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In this Section, we summarize the most important findings and relevant issues treated in detail in Chapters 2 to 5.
The primary conclusion of this thesis is that it is necessary to take aerosols into account to accurately describe the convective atmospheric boundary-layer (CBL) dynamics and the land-surface processes. We reached this conclusion by systematically studying the land-CBL system and its couplings, and employed a hierarchy of models ranging from an eddy-resolving model (large-eddy simulation; LES) to non-eddy resolving models (mixed-layer model, and single column model). In addition to the numerical component, we used a complete observational data set to help us design and evaluate our numerical framework.
Chapter 2 was devoted to the explanation of the radiative transfer code used in Chapters 4 and 5. We showed that despite the simplified treatment of solar radiation and its interactions with aerosols, our radiative code is in general agreement with a more sophisticated radiative transfer code, even for extreme aerosol loads. Moreover, our results reproduce observations of direct and diffuse radiation at the surface accordingly - as shown in Chapter 4.
Regarding the longwave band, we showed that aerosols are not relevant for the estimation of the incoming longwave radiation at the surface. We concluded that Brunt's formula, depending only on screen level temperature and vapor pressure, is the most adequate to represent the incoming longwave radiation at the surface for the cases relevant for our studies.
In Chapter 3 we investigated the impact of aerosol heat absorption on the dynamics of an idealized CBL with prescribed surface fluxes. We found that the structure and evolution of the CBL were influenced by the vertical distribution of the aerosols. Moreover, we showed that the aerosols influence the exchange of heat between the CBL and the free troposphere by (i) extinction of radiation and consequently reduced surface fluxes, and by (ii) deepening the entrainment zone depth. We highlighted the importance of high-resolution models to properly represent the effects of aerosol absorption of radiation on the dynamics of the CBL, especially in the entrainment zone. We demonstrated that, in addition to the properties of the aerosols, the vertical distribution is an important characteristic to properly describe the CBL height evolution and the dynamics of the upper part of the CBL. To further support the analysis of the LES results, we used a mixed-layer (MXL) model to calculate boundary-layer depth and the potential temperature jump at the inversion layer. In spite of the simplicity of this model, the mixed-layer results obtained for boundary-layer height and the inversion layer jump agreed well with the LES results.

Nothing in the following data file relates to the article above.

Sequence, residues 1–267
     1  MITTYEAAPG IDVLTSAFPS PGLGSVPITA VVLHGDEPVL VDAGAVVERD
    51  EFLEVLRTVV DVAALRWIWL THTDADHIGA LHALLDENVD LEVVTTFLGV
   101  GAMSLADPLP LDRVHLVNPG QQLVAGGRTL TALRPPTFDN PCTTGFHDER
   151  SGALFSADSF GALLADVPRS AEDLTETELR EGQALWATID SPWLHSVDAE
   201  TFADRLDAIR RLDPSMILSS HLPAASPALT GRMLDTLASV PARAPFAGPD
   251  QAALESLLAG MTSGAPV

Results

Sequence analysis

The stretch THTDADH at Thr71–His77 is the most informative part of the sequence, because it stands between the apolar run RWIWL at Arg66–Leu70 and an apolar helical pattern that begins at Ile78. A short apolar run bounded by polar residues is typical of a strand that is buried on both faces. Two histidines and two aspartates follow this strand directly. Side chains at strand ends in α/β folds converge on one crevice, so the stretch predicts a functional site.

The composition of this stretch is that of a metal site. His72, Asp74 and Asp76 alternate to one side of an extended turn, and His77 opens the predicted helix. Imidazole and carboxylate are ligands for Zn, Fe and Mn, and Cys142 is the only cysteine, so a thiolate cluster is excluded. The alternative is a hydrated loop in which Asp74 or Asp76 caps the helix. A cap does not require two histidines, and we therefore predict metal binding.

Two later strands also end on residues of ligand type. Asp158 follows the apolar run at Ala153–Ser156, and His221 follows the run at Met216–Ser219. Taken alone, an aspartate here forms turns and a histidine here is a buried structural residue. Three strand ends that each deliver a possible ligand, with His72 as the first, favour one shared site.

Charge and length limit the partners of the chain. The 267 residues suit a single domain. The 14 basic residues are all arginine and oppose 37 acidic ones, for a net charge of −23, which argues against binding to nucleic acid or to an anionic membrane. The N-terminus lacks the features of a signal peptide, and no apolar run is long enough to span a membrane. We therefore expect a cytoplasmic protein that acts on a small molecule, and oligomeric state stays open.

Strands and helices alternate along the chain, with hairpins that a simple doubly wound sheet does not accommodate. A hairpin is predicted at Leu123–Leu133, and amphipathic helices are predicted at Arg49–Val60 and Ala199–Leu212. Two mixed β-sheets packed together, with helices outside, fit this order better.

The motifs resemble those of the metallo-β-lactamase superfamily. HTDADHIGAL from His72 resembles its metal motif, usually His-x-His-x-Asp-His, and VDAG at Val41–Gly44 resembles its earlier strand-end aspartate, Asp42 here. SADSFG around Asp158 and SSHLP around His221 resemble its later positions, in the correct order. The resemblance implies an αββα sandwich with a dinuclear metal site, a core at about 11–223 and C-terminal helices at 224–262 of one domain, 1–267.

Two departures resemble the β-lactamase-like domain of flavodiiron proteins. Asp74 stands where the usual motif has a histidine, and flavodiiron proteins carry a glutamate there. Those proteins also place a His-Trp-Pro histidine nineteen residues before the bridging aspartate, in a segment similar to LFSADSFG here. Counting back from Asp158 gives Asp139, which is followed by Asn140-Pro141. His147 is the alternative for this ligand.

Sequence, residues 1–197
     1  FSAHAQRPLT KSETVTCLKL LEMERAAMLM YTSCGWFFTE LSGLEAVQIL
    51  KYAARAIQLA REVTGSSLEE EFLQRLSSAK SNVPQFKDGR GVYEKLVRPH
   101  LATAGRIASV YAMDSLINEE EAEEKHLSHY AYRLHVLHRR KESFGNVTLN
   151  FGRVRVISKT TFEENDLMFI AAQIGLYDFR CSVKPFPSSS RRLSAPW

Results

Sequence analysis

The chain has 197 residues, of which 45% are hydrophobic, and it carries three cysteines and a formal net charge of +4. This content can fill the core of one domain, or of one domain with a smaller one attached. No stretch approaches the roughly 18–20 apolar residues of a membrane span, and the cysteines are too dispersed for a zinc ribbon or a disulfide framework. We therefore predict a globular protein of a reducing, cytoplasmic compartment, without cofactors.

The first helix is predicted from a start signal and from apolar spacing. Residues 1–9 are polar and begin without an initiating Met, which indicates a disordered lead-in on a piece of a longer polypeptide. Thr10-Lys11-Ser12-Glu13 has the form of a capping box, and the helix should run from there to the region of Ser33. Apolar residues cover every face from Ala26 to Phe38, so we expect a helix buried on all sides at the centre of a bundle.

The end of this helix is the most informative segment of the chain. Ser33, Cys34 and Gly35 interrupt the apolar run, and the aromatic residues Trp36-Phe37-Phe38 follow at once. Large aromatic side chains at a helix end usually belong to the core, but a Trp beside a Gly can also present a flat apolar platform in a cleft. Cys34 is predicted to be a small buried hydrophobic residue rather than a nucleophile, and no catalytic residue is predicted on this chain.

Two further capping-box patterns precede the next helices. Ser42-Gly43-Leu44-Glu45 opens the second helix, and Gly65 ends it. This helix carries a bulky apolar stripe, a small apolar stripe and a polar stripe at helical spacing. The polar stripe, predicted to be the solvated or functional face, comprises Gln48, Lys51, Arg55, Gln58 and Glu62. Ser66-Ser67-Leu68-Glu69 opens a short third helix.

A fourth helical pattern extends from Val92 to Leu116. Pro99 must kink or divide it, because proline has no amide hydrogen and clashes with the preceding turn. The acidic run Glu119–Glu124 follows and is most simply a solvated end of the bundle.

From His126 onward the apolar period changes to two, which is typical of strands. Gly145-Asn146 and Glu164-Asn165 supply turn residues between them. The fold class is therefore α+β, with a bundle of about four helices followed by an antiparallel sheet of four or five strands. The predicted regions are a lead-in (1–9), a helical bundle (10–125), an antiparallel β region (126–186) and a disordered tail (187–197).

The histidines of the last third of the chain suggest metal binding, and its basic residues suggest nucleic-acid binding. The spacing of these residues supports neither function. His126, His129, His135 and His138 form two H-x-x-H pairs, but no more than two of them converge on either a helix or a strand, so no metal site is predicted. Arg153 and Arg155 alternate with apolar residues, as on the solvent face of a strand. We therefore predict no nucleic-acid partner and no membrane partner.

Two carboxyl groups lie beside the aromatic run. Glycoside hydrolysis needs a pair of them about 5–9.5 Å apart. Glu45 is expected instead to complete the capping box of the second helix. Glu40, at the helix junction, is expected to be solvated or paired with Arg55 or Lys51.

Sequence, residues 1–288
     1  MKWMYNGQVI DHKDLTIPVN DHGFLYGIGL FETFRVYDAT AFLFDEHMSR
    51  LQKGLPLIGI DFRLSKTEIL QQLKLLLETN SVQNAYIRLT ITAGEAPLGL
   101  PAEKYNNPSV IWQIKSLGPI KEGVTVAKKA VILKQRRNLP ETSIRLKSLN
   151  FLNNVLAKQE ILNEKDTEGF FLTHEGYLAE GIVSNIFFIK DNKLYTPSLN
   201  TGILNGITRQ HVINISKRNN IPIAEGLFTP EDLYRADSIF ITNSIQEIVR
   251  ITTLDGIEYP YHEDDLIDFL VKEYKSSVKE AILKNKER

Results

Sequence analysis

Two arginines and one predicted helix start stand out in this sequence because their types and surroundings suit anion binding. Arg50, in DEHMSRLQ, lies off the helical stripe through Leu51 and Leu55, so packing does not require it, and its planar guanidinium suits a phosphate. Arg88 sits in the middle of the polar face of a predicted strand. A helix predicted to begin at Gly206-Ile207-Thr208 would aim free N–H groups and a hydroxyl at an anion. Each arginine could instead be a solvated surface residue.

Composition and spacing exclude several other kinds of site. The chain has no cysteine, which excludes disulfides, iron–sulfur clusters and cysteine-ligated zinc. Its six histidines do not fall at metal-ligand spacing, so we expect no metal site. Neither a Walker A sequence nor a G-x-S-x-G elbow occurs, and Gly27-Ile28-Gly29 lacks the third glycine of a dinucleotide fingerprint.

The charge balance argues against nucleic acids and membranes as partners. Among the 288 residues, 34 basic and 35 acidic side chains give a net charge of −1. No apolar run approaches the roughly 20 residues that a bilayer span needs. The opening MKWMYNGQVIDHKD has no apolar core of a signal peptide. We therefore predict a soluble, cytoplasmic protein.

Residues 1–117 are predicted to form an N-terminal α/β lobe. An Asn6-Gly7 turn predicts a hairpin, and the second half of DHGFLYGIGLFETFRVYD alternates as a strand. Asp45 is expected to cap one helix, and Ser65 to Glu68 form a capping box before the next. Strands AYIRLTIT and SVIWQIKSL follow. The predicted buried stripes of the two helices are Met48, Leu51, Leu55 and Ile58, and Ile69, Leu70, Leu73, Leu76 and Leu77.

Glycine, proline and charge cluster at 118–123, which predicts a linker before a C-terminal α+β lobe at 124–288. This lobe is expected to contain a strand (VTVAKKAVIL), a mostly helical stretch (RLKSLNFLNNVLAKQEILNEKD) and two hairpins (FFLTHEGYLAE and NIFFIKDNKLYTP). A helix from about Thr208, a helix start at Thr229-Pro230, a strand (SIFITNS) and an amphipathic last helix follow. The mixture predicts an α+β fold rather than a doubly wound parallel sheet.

Extending the knowledge acquired with the academical prototypical experiments performed in Chapter 3, in Chapter 4 we quantified the effects of aerosol scattering and absorption of shortwave (SW) radiation both on the surface energy budget and on the CBL dynamics. To this end, we coupled our LES model and the MXL model to (i) a land-surface model and (ii) a broadband SW radiative transfer model, (described in Chapter 2). We successfully validated the results obtained with the LES model and MXL model using measurements of (thermo)dynamic variables and aerosol properties observed in Cabauw (the Netherlands). Our LES results showed that for Cabauw (over well-watered grassland) aerosols significantly alter the magnitude of the available energy at the surface and its partitioning. Under well-watered conditions, the sensible heat flux was more strongly reduced compared to the latent heat flux. Given the satisfactory agreement between the LES results and MXL model results, we further explored the sensitivity of the land-CBL system to a wide range of aerosol optical depths and single scattering albedos using the MXL model. Our results showed that higher loads of aerosols impose an energy restriction at the surface. As a result, we calculated a delay in the morning onset of the CBL and an advance in the CBL afternoon collapse. We also found that entrainment of aerosols from the residual layer plays a significant role in the development of the CBL dynamics during the day. An important aspect of Chapter 4 is the investigation of the different responses of the CBL dynamics depending on aerosol optical properties. Strongly absorbing aerosols deepened and warmed the CBL, while purely scattering aerosols shallowed and cooled the CBL.